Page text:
The Sky's Dark Labyrinth Blog



At the dawn of the seventeenth century, the Sun revolved around the Earth according to God’s plan and as set down in the Bible. Yet some men knew that the Heavens did not move as they should and began to believe exactly the opposite – a heresy punishable by being burned alive.

The Sky’s Dark Labyrinth is the first in a trilogy of novels that dramatically bring to life key moments in our understanding of the cosmos – when our view of the Universe changed forever.


I'll be collecting all posts here that are relevant to The Sky's Dark Labyrinth.  Published during the course of 2011-2012, volume I, The Sky's Dark Labyrinth, presents the stories of Johannes Kepler and Galileo Galilei.


German Lutheran Johannes Kepler is convinced that he has been given a vision by God when he becomes the first man to distill into mathematical laws how stars and planets move through the heavens.  Galileo Galilei, an Italian Catholic, will try to claim Kepler’s success for his own Church, but he finds himself enmeshed in a web of intrigue originating from within the Vatican itself.  Both men become trapped by human ignorance and irrational terror to the peril of their lives and those of their families in one of the darkest, yet also one of the most enlightening, periods of European history.


Volume II, The Sensorium of God, features Isaac Newton and Edmond Halley.  Volume III, The Day Without Yesterday, recounts the story of Albert Einstein, Edwin Hubble and George Lemaitre.


Confirmed publication dates so far are April in UK, June in Australia, September in Canada.  Forthcoming publications dates will be announced for South Korea, Japan and Greece soon.  I'll be talking about these books at various literary festivals and other venues across the UK this year.  Stay tuned for further announcements.  The book is published in the UK and Australia by Polygon Books and in Canada by McArthur Books.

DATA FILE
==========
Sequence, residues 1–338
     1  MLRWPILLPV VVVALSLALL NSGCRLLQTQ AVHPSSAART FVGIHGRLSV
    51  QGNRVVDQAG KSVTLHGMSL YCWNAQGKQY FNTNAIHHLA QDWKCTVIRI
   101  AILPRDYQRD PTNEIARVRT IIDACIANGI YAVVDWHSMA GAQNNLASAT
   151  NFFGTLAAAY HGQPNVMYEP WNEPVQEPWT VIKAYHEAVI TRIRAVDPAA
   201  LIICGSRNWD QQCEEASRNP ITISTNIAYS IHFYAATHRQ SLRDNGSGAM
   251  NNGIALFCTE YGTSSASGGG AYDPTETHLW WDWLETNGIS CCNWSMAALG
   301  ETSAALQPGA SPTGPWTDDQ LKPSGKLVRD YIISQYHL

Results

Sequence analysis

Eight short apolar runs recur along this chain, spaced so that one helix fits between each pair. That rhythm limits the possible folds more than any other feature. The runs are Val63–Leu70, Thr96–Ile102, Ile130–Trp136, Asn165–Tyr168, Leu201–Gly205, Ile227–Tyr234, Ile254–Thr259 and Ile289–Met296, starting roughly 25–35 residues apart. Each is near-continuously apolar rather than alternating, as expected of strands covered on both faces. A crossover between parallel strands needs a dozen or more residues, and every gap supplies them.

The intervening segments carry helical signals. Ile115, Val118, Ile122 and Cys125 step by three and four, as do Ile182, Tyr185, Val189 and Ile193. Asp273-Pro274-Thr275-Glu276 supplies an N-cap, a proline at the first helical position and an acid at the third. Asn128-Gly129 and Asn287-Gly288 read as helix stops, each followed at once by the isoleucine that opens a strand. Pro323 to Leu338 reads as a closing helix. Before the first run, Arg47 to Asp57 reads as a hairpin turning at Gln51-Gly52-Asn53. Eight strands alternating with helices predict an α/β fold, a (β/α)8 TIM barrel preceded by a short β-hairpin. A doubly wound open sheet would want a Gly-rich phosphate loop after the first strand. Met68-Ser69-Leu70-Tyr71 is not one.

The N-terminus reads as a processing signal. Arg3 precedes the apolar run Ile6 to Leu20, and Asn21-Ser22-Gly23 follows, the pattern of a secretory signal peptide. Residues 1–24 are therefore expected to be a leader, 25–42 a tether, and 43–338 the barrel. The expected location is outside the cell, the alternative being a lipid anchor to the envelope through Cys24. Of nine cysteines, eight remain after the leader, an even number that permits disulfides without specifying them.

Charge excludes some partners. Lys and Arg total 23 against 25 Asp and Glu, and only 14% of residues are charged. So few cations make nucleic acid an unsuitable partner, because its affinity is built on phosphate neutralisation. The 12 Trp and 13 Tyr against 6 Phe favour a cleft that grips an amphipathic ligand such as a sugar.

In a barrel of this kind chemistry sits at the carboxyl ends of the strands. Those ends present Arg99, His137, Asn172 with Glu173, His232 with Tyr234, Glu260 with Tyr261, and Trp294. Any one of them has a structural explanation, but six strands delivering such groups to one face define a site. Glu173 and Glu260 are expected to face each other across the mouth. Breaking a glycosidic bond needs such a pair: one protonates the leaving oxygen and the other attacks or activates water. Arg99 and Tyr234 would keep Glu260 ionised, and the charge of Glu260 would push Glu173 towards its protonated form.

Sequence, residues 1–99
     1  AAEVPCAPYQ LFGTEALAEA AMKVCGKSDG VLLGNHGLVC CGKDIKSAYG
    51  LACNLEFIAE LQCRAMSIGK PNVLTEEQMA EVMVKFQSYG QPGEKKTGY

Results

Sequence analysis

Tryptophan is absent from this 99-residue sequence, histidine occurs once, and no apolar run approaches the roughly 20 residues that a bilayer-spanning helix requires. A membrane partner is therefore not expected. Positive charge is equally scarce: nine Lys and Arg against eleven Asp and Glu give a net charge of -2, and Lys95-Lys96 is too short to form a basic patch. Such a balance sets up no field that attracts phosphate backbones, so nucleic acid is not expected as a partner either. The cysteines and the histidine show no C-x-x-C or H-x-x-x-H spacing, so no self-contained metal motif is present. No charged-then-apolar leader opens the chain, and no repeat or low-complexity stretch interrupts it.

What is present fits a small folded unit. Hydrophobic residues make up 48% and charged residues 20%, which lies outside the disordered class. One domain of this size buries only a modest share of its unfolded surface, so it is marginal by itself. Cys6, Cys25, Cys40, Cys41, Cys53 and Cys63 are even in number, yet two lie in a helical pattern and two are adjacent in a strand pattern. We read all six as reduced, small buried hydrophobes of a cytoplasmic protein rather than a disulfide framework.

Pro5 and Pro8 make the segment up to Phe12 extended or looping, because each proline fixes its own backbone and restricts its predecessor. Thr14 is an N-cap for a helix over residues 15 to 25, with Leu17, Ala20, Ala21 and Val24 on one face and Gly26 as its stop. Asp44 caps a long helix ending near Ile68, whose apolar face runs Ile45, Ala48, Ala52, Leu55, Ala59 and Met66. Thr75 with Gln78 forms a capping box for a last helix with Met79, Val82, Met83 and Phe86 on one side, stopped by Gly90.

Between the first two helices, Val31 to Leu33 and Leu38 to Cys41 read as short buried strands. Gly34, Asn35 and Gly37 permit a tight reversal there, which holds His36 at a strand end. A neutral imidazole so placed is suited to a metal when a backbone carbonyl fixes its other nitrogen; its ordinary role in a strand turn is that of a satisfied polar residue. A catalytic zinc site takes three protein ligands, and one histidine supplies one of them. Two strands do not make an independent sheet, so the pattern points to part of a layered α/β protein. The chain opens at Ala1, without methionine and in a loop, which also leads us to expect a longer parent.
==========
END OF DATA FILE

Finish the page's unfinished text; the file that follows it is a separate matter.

To download a four page brochure about the trilogy, click here.


To contact the book's UK publicist, Jan Rutherford, click here.

To contact the book's Canadian publicist, Devon Pool, click here.

Canadian Lecture Tour 17-26 October

I cannot tell you all how pleased I am that The Sensorium of God is soon to be published by McArthur Books in Canada. It has already been chosen by Quill and Quire as one of the fall's biggest books.

Quill and Quire say: "The second book in the Sky's Dark Labyrinth trilogy by Stuart Clark once again delves into a world in which science and religion go head to head. In The Sensorium of God (McArthur & Company, $24.95 pa., Aug.), astronomer Edmond Halley visits Isaac Newton to help find mathematical proof of Kepler's Law of Planetary Motion - a meeting that catapults their lives into crisis and pushes Europe headlong into the Enlightenment. ..."

To celebrate the release, I shall be in Canada for 10 days, later this month. All my Canada trip jigsaw pieces have fitted together perfectly to promote the publication of The Sensorium of God by McArthur Books in Canada. The official publication date is 30 October. You can pre-order from Chapters or Amazon. We very much hope to have copies at the events as well.

I have an extremely exciting programme of events coming up and I look forward to seeing some of you in either Toronto or Montreal.


Click here for full itinerary details.

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Was Newton a scientist or a sorcerer?